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ABSTRACT: The highly disagreeable sensation of pain results from an extraordinarily complex and interactive series of mechanisms integrated at all levels of the neuroaxis, from the periphery, via the dorsal horn to higher cerebral structures. Pain is usually elicited by the activation of specific nociceptors ('nociceptive pain'). However, it may also result from injury to sensory fibres, or from damage to the CNS itself ('neuropathic pain'). Although acute and subchronic, nociceptive pain fulfils a warning role, chronic and/or severe nociceptive and neuropathic pain is maladaptive. Recent years have seen a progressive unravelling of the neuroanatomical circuits and cellular mechanisms underlying the induction of pain. In addition to familiar inflammatory mediators, such as prostaglandins and bradykinin, potentially-important, pronociceptive roles have been proposed for a variety of 'exotic' species, including protons, ATP, cytokines, neurotrophins (growth factors) and nitric oxide. Further, both in the periphery and in the CNS, non-neuronal glial and immunecompetent cells have been shown to play a modulatory role in the response to inflammation and injury, and in processes modifying nociception. In the dorsal horn of the spinal cord, wherein the primary processing of nociceptive information occurs, N-methyl-D-aspartate receptors are activated by glutamate released from nocisponsive afferent fibres. Their activation plays a key role in the induction of neuronal sensitization, a process underlying prolonged painful states. In addition, upon peripheral nerve injury, a reduction of inhibitory interneurone tone in the dorsal horn exacerbates sensitized states and further enhance nociception. As concerns the transfer of nociceptive information to the brain, several pathways other than the classical spinothalamic tract are of importance: for example, the postsynaptic dorsal column pathway. In discussing the roles of supraspinal structures in pain sensation, differences between its 'discriminative-sensory' and 'affective-cognitive' dimensions should be emphasized. The purpose of the present article is to provide a global account of mechanisms involved in the induction of pain. Particular attention is focused on cellular aspects and on the consequences of peripheral nerve injury. In the first part of the review, neuronal pathways for the transmission of nociceptive information from peripheral nerve terminals to the dorsal horn, and therefrom to higher centres, are outlined. This neuronal framework is then exploited for a consideration of peripheral, spinal and supraspinal mechanisms involved in the induction of pain by stimulation of peripheral nociceptors, by peripheral nerve injury and by damage to the CNS itself. Finally, a hypothesis is forwarded that neurotrophins may play an important role in central, adaptive mechanisms modulating nociception. An improved understanding of the origins of pain should facilitate the development of novel strategies for its more effective treatment.Progress in Neurobiology 02/1999; 57(1):1-164. · 10.30 Impact Factor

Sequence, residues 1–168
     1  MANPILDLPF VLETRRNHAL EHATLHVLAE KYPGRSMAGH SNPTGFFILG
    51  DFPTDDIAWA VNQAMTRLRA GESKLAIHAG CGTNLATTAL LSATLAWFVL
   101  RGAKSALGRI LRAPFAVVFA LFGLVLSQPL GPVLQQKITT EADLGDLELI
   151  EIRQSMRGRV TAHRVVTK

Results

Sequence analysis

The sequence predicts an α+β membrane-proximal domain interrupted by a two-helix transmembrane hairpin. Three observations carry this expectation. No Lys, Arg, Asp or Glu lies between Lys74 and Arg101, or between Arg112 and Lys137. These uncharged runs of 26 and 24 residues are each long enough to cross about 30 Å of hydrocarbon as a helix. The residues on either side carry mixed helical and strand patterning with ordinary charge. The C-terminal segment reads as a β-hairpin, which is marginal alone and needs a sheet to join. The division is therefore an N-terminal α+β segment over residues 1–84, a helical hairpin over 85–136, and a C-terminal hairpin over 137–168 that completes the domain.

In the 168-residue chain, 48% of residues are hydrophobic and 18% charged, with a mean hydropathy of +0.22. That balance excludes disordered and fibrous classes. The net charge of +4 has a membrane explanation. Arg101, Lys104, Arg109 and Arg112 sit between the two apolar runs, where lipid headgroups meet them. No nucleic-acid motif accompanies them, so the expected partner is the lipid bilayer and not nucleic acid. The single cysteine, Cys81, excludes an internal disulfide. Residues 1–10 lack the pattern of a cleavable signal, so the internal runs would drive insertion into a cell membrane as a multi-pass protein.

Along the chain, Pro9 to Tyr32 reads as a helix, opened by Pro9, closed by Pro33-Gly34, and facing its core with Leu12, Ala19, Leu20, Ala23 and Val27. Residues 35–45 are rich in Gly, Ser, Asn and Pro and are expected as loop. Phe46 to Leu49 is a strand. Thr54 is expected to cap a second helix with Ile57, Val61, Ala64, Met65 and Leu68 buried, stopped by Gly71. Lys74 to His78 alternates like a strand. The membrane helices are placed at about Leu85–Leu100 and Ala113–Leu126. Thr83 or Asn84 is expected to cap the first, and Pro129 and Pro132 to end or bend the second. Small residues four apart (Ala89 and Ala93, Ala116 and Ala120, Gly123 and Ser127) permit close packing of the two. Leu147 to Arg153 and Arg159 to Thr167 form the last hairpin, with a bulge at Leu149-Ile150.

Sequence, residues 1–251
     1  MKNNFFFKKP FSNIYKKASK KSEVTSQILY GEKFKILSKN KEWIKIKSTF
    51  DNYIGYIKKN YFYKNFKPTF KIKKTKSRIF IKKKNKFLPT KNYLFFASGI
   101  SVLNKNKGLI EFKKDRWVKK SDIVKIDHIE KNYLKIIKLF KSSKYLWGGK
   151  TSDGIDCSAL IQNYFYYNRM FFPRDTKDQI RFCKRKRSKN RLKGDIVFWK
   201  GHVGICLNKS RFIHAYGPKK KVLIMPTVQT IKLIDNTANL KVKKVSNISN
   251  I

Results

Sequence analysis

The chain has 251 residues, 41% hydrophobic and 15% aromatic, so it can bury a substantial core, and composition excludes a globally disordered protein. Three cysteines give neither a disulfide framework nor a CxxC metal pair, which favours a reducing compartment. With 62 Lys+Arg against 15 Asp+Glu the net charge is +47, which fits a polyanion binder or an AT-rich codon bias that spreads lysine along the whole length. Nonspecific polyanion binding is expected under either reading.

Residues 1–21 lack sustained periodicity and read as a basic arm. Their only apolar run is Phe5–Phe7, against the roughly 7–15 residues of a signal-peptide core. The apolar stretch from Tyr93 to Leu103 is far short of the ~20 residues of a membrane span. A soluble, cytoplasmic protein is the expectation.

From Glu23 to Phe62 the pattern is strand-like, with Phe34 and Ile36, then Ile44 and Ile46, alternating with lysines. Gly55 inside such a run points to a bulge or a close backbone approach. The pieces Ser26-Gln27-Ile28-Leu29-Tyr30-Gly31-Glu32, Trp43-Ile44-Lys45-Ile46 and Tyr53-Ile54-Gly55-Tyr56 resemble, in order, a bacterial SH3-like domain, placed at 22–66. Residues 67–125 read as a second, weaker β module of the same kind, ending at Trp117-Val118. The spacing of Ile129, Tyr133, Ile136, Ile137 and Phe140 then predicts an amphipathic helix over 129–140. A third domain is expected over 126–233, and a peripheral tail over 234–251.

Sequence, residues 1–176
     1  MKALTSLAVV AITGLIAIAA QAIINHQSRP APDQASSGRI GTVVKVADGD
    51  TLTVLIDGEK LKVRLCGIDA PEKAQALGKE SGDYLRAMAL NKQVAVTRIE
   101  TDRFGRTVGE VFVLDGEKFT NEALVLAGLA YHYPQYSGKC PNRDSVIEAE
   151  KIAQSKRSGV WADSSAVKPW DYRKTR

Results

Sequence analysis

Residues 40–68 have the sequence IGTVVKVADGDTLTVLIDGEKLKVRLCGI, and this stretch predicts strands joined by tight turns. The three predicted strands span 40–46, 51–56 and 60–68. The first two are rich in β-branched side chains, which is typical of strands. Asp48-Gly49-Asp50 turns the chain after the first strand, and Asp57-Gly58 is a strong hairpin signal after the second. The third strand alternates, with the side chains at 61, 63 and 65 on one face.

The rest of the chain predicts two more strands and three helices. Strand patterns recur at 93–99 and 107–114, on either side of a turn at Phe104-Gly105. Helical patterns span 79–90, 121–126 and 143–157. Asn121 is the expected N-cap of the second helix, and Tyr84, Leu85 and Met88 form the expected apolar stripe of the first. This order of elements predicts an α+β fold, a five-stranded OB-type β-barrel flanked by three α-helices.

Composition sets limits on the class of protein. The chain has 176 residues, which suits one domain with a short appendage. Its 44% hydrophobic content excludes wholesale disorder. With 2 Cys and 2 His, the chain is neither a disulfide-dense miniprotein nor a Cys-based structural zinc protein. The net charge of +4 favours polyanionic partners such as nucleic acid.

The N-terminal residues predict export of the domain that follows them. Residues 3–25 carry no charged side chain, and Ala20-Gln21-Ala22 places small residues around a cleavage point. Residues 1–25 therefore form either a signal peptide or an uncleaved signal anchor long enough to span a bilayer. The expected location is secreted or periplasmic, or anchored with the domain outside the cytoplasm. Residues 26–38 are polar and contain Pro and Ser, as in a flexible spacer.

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ABSTRACT: Background: Prior research has suggested reductions in the density of serotonin transporter (SERT) binding sites in blood platelets and post-mortem brain tissue of depressed patients. We sought to determine whether patients with unipolar major depression have diminished SERT availability as assessed by both brainstem [123I]β-CIT SPECT and platelet [3H]paroxetine binding.Methods: Drug-free depressed and healthy subjects were injected with 211 ± 22 MBq [123I]β-CIT and imaged 24 ± 2 h later under equilibrium conditions. A ratio of specific to nonspecific brain uptake (V3″ = (brainstem-occipital)/occipital), a measure proportional to the binding potential (Bmax/Kd), was used for all comparisons.Results: Results showed a statistically significant reduction in brainstem V3″ values in depressed as compared to healthy subjects (3.1 ± .9 vs. 3.8 ± .8, p = .02). Platelet [3H]paroxetine binding was not altered (Bmax = 2389 ± 484 vs. 2415 ± 538 fmol/mg protein, p = .91) and was not significantly correlated with brainstem [123I]β-CIT binding (r = −0.14, p = .48).Conclusions: These data are the first to suggest reductions in the density of brain SERT binding sites in living depressed patients. These findings provide further support for a preeminent role for alterations in serotonergic neurons in the pathophysiology of depression.Biological Psychiatry 12/1998; 44(11):1090-1098. · 9.47 Impact Factor
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ABSTRACT: Morphine-6beta-glucuronide is a major metabolite of morphine with potent analgesic actions. To explore the importance of this opiate when administered as a drug by its own or in morphine action, we studied the locomotor activity response to morphine and morphine-6-glucuronide in drug-naive C57 BL/6JBom mice. The effects of administration of the two opiates on a battery of 7 different locomotor activities were studied and compared to saline controls. A dose of 20 micromol/kg morphine-6-glucuronide resulted in more locomotion than the same dose of morphine, while at higher doses (up to 120 micromol/kg), similar increases for most locomotor behaviours were recorded for both drugs. Pretreatment with naltrindole indicated that the delta-receptors play an equivalent but minor role in mediating both morphine-6-glucuronide and morphine hyperlocomotion. Administration of high naltrexone doses (10 mg/kg) completely abolished the locomotor stimulation induced by both opiates. However, at intermediate naltrexone doses of 0.25 and 0.5 mg/kg, morphine-induced behaviours was completely inhibited while morphine-6-glucuronide induced behaviours demonstrated partial resistance to naltrexone inhibition. The mu1-specific receptor antagonist naloxonazine caused 75% reduction of morphine induced behaviours and only 50% inhibition of morphine-6-glucuronide induced behaviors. Taken together our observations indicated general similarity but also marked differences between morphine and morphine-6-glucuronide with respect to opiate receptors mediating the locomotor stimulatory effect.Pharmacology & Toxicology 01/1998; 82(1):3-10.